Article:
NEO-CLASSICISM IN FRANCE
The Early Years
In any academy, whether from the seventeenth or the eighteenth or the nineteenth century, history painting was the most elevated form of painting due to the designated “important” themes treated by the artists. In terms of the hierarchy of genres or the preferred and most prestigious forms of painting and sculpture, historical topics were favored over scenes of the present, genre scenes, landscapes, or portraiture. The “history” depicted, where actual or mythic or religious, consisted of events the dominant culture considered significant and that were, therefore, considered by the authorities, topics suitable for public consumption and social edification. The content of history painting was the most difficult for artists to paint, for the complex compositions with multiple human figures were given (or selected) in order to display the artist’s knowledge of anatomy, range of academic artistic techniques and command of erudite history itself. Such intellectual knowledge could be gained only at art schools or the Academies where all students were taught in an “official style,” which, for decades in France, had been the grand Baroque manner of Nicholas Poussin (1594-1665). Although Poussin had spent his career in Rome, he was revered in his native land, France. But by the middle of the eighteenth century, the Baroque style was exhausted. In architecture and in interior décor and private commissioned painting, the Baroque had evolved into the soft and erotic Rococo style, leaving the “grand style” for the State and its advertisement.
For Enlightenment thinkers, such as Denis Diderot, it was time for a new style, one that would better reflect the needs of a changing society. An artistic revolution to put an end to the grand manner of Poussin and the sensuality of François Boucher (1703-1770) was needed. In the middle of the century, Herculaneum and Pompeii, towns buried by a long forgotten eruption of the volcano Vesuvius in 79, were discovered in 1738 and 1748. These towns were resort towns near Naples and were favored by well-to-do Romans in the early Imperial era. Frozen in time, magnificent villas were unearthed, revealing extraordinary murals painted by provincial artists. Beyond Greek vases, no substantial examples of classical paintings were extant until these towns were re-discovered. Suddenly the linear and simple approach to drawing and the cleanly painted areas of strong colors provided a new way to make art to a young generation of artists who wanted to make their marks in the Academy and upon new patrons. The linear approach of the Pompeiian murals and their strong colors, similar to Greek vases, were an antidote to the showy brushy painterly styles so prevalent with the Rococo. The affinity to the simple compositions and strong lines of Poussin made it easy to assimilate the paintings of Pompeii for artists who were interested in being radical, a prospect that took four decades to come to fruition.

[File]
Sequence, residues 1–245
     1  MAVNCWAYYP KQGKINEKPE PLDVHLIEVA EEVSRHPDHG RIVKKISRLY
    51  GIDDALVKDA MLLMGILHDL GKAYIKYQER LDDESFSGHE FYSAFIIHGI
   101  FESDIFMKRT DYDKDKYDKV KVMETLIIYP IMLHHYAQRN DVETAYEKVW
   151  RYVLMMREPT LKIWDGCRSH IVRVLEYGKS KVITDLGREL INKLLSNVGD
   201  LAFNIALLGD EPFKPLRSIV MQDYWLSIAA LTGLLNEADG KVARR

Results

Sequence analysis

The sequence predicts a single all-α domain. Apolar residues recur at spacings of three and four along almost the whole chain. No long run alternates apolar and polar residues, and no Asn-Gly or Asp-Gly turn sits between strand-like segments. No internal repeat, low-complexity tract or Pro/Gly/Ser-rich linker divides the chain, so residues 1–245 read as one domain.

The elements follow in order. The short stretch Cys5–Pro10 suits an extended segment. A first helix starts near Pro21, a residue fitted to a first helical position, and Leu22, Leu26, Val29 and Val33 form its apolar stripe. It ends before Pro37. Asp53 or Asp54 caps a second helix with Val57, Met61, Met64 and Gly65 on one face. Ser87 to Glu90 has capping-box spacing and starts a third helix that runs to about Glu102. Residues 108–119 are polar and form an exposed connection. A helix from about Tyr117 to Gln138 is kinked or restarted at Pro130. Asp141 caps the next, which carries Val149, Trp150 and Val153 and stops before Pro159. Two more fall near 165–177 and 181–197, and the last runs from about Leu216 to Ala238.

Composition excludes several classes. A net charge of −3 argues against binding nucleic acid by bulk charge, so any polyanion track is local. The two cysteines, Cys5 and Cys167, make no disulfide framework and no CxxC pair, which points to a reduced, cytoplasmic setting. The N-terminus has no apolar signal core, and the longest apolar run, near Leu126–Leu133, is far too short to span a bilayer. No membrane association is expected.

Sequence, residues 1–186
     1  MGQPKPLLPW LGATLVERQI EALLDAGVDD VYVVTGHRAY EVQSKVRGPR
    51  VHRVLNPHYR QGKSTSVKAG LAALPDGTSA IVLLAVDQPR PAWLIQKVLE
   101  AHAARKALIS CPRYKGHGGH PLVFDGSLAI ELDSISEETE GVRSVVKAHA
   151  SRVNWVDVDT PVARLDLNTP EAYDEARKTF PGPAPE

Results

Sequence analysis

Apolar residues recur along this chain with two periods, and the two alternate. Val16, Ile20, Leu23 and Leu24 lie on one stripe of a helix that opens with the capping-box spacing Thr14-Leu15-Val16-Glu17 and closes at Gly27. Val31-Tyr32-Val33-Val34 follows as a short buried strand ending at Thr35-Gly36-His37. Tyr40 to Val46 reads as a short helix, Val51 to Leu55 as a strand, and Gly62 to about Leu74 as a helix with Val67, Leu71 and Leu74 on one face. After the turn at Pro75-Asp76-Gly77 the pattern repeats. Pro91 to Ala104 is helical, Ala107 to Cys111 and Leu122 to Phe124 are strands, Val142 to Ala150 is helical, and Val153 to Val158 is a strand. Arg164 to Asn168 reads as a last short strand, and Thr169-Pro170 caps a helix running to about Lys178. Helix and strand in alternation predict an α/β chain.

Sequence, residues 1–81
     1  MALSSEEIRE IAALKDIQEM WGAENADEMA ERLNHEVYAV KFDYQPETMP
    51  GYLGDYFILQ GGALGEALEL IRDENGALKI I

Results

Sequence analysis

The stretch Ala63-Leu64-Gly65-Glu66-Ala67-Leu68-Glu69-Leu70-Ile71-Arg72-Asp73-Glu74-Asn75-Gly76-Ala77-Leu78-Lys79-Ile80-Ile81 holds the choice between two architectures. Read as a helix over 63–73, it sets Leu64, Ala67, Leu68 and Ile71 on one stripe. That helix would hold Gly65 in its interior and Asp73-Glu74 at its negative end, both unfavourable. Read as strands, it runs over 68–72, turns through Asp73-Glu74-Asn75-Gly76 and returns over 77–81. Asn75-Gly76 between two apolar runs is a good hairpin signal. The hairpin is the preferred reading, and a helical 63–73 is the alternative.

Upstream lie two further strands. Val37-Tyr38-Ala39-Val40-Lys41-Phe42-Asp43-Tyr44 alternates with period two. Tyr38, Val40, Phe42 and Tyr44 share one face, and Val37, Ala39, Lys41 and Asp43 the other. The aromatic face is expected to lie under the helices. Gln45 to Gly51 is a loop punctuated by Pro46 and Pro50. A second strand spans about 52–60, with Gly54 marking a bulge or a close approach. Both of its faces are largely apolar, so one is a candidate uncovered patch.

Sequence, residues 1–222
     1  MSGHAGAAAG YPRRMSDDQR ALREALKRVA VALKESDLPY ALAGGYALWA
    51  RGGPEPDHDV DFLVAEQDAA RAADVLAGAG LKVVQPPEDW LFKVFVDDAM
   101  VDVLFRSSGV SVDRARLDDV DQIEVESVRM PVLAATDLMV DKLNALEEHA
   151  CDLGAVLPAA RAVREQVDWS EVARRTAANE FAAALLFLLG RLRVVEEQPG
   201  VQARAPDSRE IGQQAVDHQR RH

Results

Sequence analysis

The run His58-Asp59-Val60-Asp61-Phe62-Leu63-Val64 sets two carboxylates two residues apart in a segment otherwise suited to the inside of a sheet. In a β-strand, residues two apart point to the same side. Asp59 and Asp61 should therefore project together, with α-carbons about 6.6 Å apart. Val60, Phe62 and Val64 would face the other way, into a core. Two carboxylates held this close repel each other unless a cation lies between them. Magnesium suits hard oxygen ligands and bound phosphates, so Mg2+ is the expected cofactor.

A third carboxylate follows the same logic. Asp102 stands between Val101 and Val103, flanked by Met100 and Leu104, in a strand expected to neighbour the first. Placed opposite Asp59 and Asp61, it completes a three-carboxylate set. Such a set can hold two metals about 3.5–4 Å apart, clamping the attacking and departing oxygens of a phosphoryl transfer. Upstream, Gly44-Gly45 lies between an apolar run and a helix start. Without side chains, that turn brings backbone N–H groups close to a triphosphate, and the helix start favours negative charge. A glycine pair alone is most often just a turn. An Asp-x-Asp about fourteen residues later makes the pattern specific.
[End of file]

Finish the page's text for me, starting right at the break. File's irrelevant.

The unearthing (and looting) of a slice of ancient life, preserved in its original state had a revolutionary impact upon the visual arts, from drawing to painting to interior design to architecture. The clean hard edges of the antique drawing style stood in strong clear contrast—even a stern rebuke—to the soft edges of the waning Rococo style–or so it would be understood within the political context of social unrest and the coming of the French Revolution. The modern version of the Antique Style was coded in the mid-eighteenth century as “simplicity and virtue,” while the Rococo style was coded as “corrupt and decadent,” a class distinction with political overtones. The result of these new discoveries in Italy was an International adaptation of classical art was what the art historian Hugh Honour called the “cult of antiquity,” developed to reflect the needs of each country, whether England or France or Germany, inspired by this “neo” “classicism.” These anachronistic and political readings imposed upon Classical art as “virtuous,” happily ignoring mystery paintings or scenes of sheer pleasure, were filtered through a newly powerful middle class and the bourgeois art public, seeking to forge a new identity in opposition to the aristocrats.
Wall Painting from Pompeii